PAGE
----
February 16, 2013

Vault of Troubled Dreams





I dreamed I was in a room with my ex-mother-in-law and some shadowy people who might have been her relatives or anybody else; I don’t know. She did not look as old as she really is now: 90. She looked as old as she was when I lived in her historical home for 11 months, more than three decades after I had left her daughter and my young son in the lurch, and had fled my responsibilities for a fishing boat in the North Atlantic one forlorn winter. 

She had summoned me from New Orleans in 2002 to help my kid who was in a bad way. When I had walked out on them in 1974, I had wanted to be a revolutionary communist and not to be a father or husband any more. In my ignorance then I had not understood that in order to change the world, one first must change oneself. I had no clue then as to the long-term effect it would have on him; or on myself.

In fact I had not wanted to be her son-in-law at all; although my wife was pretty and intelligent, and said she loved me to death. She had manipulated us into the marriage with a despicable act that I won’t recount. After the honeymoon and a few idyllic months together my wife somehow became pregnant. Later, it was the son that was the real problem for me.



Her mother was sitting in a cardboard box and there were other people in the room; vague, dreamy figures that I could have identified if I had wanted to, but I had not wanted to. I could have made them be anybody at all. It was my dream. The location was definitely her living room, because I sensed without seeing it that damned un-tuned grand piano behind me, that she had let go to hell after her second husband had died, since he was the only one who ever played it. I had hated him but he had hated me first. Yet I had hated him more, and when I heard that he was dead I almost jumped up and shouted with joy. But I restrained myself.

We were sitting on the floor. I gave the cardboard box she was sitting in no notice. She was telling me again about her long, interesting, and combative life. As she did I saw visions of her two worthless sons fleeting through my brainwaves like bad smells drifting through a garden of roses. I actually loved the bitch. I knew without looking that my ex- was there too; quietly watching; sitting against the dead fireplace brick in complete shadow, determined to interfere or not to interfere as the case required. She was the Keeper of the Flame after all, and nothing that her mother ever did or did not do got by her. It was an intimate matter between them, and if she loved anyone at all it was the poor old rich woman I was dreaming of.

Her mom was telling me about her life, which I already knew a lot of, because over the years of our association she had kept in touch and tried to keep me close–enough so that my son would benefit somehow. I tried. He did not try and did not benefit from my infrequent appearances. Neither did I. But I went along with her machinations and manipulations, I guess simply because I liked her and wanted to do the right thing; and had long since recognized her as my intellectual equal and spiritual superior. She was a philosopher despite the fact that she was a ruthless capitalist competitor, who would do just about anything she wanted to, providing that she could make a legal or moral defense for it; and even if she could not. It had provided for her family and made them all prosperous, even wealthy; but seldom happy.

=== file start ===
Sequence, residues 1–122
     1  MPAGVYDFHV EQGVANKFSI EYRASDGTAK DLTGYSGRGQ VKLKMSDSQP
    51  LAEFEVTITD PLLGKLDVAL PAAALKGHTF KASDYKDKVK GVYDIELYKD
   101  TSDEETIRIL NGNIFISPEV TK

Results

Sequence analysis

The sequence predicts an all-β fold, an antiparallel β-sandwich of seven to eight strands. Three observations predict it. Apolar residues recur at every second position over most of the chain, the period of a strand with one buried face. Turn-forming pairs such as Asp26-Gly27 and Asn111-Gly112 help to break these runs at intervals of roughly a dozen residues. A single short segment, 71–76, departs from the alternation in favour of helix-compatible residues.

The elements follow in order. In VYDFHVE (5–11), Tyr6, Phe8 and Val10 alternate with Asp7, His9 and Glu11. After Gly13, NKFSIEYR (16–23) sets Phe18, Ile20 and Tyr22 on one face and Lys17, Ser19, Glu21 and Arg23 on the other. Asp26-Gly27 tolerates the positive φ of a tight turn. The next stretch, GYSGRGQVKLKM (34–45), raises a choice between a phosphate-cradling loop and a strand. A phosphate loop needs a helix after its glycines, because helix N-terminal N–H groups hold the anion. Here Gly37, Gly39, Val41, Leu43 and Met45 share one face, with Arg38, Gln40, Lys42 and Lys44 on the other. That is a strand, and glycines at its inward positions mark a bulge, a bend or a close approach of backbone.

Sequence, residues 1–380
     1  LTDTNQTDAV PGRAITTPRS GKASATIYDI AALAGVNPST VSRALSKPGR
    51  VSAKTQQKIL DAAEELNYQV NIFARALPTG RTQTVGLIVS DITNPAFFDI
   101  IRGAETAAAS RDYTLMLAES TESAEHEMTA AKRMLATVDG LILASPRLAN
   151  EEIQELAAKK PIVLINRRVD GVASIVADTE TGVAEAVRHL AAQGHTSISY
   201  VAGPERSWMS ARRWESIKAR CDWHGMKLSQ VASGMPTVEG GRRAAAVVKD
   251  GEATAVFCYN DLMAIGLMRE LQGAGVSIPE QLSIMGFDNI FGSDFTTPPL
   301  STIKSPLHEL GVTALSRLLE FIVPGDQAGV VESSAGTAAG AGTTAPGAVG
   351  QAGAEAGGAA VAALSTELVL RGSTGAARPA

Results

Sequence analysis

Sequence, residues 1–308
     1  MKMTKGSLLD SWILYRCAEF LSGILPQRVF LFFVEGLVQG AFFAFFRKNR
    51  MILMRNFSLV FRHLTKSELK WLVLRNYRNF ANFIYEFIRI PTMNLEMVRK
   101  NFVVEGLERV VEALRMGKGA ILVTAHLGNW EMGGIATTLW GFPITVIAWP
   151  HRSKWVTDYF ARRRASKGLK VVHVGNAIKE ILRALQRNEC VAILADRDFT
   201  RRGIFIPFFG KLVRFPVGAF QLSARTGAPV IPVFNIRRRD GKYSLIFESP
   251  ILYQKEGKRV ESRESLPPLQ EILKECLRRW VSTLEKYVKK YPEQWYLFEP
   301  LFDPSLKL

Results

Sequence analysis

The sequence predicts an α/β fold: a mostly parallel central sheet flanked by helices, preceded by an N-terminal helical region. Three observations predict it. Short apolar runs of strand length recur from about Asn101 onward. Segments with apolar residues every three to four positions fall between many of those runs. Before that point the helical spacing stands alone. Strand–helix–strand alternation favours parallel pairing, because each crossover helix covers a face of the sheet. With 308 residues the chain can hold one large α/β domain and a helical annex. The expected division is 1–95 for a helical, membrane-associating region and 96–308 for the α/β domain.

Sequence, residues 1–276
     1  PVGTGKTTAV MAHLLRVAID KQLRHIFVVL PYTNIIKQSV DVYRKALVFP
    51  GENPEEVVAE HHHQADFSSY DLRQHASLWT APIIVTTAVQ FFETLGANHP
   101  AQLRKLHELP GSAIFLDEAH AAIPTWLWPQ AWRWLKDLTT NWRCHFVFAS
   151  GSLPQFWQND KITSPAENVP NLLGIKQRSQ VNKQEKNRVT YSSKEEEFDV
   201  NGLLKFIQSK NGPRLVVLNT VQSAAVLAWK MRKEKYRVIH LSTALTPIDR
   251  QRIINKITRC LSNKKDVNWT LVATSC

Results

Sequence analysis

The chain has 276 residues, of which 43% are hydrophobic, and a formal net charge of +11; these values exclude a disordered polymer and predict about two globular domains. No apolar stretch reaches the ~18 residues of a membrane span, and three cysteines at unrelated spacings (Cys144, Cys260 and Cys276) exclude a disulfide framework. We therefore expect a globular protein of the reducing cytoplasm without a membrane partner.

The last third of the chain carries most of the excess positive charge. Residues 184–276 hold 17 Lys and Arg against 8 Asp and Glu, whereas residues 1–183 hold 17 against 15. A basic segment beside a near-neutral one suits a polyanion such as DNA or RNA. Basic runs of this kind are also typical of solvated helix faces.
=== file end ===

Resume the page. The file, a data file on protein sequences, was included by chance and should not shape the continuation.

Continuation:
She was a strong, petite, sexy, and healthy woman with a spontaneous sense of homespun Kentucky humor, and an appearance of delicacy, taste, and class; her daughters were like her too; but her sons were worthless as far as I was concerned. I have no problem calling them both sons-of-a-bitch either. But I have to admit that I loved their mother, despite all the bad things she did. I have never insulted her to her face, and usually I refer to her as a witch, instead of what I just wrote. Yes, there are bad witches, ladies.

We were talking like we had in those days when I had sat alone with her at her breakfast table, eating something that she had cooked, while I read, sometimes aloud at her request, from the History of Western Philosophy, written by Bertrand Russell. She was the only person I knew who could appreciate something like that at breakfast; but it was my normal fare, my normal habit, to read while eating, and seldom something light or trivial. It was how I prepared myself for my stupid and boring days painting or building houses, or raking yards, or laying carpets, or driving taxis and trucks, or digging ditches, or looking for any kind of work to keep going so that I could not be called a bum.

She would ask me to re-read certain passages so she could understand. Philosophy had actually been her major subject in college. There was no losing her with Russell our guide.